No reason for not snowballing - but it's slow.

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Originally Posted by twister244 View Post
Only $255k?.......... Jesus.

A house like that would easily go for $600-$700 in ANY neighborhood here in Denver. Btw, thanks for that breakdown on the zoning, etc. I agree, I think Chicago will probably be good in the long-term with respect to having enough stock to accommodate growth. Plus, the level of nimbyism isn't nearly as bad there as it is in some of your western cities (LA, San Fran, here in Denver).
Chicago is a tale of 2+ cities, so understanding the neighborhoods in this context is pretty important. Washington Heights has fairly high crime so there's a reason it's only $255K. This same house in a very good north side neighborhood like Lincoln Park would be over $1M granted the square footage and what not. Even the difference between that and Bronzeville a little south of downtown is big.

This 4000+ sq ft home in Logan Square sold for just over $1.3M:
https://www.realtor.com/realestatean...7_M83248-49475

This similar-ish type of home in Bronzeville (between downtown and Hyde Park where U of Chicago is, near the lake) sold for $610K:
https://www.realtor.com/realestatean...3_M71198-25143

When people talk especially about "wealthy Chicago" they're talking about the first link above. And to an extent the 2nd link even. This house is not cheap but if you compared it to LA, NYC, SF, etc it would be considered "cheap." Just an FYI in NYC, the 1 bedroom 850 sq foot condos in the building next door to us start at $1.1M and so the $1.3M place above in my world is cheap. Show either of these to someone in NYC or SF and they would flip their shit even though it's over $1M. Also FYI when I talk about tear downs above, there's a lot of the $1.3M ones that have happened in various north side neighborhoods in the last decade. Someone comes in, buys a "cheap" old house, completely tears it down and builds something like this over it.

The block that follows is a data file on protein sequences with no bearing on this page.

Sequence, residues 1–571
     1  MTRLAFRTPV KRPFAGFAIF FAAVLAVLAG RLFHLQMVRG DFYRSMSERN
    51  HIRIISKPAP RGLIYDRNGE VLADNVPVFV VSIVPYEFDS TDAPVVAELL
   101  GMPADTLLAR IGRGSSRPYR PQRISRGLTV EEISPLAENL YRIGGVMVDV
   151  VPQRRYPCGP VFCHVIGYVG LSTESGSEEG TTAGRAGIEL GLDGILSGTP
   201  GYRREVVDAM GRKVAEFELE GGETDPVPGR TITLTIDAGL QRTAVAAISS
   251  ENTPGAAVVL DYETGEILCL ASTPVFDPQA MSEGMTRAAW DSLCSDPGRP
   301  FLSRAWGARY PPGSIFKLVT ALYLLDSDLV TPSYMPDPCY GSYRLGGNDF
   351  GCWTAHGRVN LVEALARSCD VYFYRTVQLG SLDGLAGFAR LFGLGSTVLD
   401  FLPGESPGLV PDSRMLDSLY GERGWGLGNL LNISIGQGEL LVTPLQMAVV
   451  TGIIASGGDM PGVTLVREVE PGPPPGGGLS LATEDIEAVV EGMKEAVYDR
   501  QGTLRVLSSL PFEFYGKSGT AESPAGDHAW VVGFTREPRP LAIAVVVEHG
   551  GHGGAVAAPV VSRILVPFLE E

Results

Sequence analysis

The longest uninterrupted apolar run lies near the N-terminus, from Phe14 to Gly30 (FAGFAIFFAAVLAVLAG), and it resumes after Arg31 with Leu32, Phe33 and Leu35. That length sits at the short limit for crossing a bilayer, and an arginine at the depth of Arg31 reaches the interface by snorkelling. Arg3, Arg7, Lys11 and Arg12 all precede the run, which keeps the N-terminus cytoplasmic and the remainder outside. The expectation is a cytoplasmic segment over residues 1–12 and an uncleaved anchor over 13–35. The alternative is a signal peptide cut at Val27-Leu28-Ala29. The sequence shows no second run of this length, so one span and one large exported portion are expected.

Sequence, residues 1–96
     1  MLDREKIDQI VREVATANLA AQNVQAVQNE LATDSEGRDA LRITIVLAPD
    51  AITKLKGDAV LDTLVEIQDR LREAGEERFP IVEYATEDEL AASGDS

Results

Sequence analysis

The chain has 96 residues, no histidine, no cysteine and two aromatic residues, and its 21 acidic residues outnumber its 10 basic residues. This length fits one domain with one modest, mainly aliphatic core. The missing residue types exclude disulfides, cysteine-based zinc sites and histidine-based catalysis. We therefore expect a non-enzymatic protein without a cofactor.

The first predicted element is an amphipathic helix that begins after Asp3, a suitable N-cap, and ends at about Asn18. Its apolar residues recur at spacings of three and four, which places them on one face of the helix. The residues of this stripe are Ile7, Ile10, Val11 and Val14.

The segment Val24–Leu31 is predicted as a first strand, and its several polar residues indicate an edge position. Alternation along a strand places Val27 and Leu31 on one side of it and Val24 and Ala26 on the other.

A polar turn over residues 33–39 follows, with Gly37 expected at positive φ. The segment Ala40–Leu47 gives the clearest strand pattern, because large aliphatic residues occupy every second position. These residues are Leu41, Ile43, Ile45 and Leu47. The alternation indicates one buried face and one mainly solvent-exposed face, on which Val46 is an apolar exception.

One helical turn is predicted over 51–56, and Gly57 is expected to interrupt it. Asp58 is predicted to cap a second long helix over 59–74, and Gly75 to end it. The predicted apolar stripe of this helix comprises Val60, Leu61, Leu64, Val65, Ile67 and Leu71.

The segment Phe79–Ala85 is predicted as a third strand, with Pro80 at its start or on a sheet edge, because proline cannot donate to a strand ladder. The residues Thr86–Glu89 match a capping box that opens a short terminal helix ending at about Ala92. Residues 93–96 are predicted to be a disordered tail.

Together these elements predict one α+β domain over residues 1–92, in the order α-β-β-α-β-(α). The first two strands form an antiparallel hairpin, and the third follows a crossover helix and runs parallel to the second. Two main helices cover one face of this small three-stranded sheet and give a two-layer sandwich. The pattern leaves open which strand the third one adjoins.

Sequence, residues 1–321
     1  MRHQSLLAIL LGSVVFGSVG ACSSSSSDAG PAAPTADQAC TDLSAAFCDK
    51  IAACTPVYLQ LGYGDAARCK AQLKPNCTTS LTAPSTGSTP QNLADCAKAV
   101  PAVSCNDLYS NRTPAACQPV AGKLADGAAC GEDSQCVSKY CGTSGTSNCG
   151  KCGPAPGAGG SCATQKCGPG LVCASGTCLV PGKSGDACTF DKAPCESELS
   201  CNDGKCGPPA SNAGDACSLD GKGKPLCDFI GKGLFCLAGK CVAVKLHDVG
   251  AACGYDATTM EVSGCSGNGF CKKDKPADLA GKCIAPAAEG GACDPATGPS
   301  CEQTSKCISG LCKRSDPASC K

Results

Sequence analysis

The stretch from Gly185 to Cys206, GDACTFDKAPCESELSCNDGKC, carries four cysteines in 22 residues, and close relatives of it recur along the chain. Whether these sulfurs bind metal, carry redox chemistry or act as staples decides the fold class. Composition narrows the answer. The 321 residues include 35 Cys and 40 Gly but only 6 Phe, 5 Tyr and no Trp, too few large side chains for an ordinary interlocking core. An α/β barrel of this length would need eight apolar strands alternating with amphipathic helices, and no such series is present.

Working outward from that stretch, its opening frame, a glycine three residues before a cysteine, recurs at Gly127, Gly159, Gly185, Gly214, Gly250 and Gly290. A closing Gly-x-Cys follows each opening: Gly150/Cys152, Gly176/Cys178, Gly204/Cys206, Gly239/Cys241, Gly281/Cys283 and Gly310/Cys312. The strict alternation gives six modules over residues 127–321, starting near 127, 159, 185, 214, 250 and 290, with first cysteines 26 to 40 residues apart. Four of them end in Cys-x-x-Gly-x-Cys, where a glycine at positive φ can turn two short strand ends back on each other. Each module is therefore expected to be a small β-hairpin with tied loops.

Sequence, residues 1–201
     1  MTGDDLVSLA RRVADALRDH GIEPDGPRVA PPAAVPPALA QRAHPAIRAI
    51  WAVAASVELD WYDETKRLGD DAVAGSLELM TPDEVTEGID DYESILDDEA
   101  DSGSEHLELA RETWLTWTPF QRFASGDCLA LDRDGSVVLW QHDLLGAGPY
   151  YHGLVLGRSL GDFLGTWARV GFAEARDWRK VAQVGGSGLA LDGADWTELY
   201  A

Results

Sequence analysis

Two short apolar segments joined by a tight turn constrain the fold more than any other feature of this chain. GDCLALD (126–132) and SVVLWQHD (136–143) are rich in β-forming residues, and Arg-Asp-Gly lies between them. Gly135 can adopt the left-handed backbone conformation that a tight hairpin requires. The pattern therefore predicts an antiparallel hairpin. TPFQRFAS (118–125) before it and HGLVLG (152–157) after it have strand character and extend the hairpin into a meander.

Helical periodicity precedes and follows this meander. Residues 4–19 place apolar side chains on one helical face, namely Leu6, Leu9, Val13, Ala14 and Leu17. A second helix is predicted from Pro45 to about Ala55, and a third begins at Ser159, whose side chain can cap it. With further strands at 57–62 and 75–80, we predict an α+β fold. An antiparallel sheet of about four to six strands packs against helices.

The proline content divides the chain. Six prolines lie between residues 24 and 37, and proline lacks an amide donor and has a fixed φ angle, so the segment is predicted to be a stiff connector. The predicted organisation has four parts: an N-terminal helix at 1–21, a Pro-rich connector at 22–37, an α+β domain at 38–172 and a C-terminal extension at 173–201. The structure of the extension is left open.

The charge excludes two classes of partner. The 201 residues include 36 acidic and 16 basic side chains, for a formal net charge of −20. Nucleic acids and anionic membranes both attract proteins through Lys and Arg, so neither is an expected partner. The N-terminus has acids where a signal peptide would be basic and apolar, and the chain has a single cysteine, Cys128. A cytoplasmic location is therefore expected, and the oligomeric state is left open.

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Last edited by marothisu; Jan 25, 2021 at 7:47 PM.
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  #48154  
Old Posted Jan 25, 2021, 10:42 PM
marothisu marothisu is offline
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Zoning app is up to build a new 7 story, 109 foot tall building with ground floor retail and office use for the SE corner of Green & Lake. Currently a vacant lot next to BLVD restaurant.

https://www.google.com/maps/@41.8856...7i16384!8i8192
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  #48155  
Old Posted Jan 26, 2021, 4:12 AM
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Glad this is going to stay as a SFH instead of some gaudy commercial space: https://www.chicagobusiness.com/resi...s-record-price
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  #48156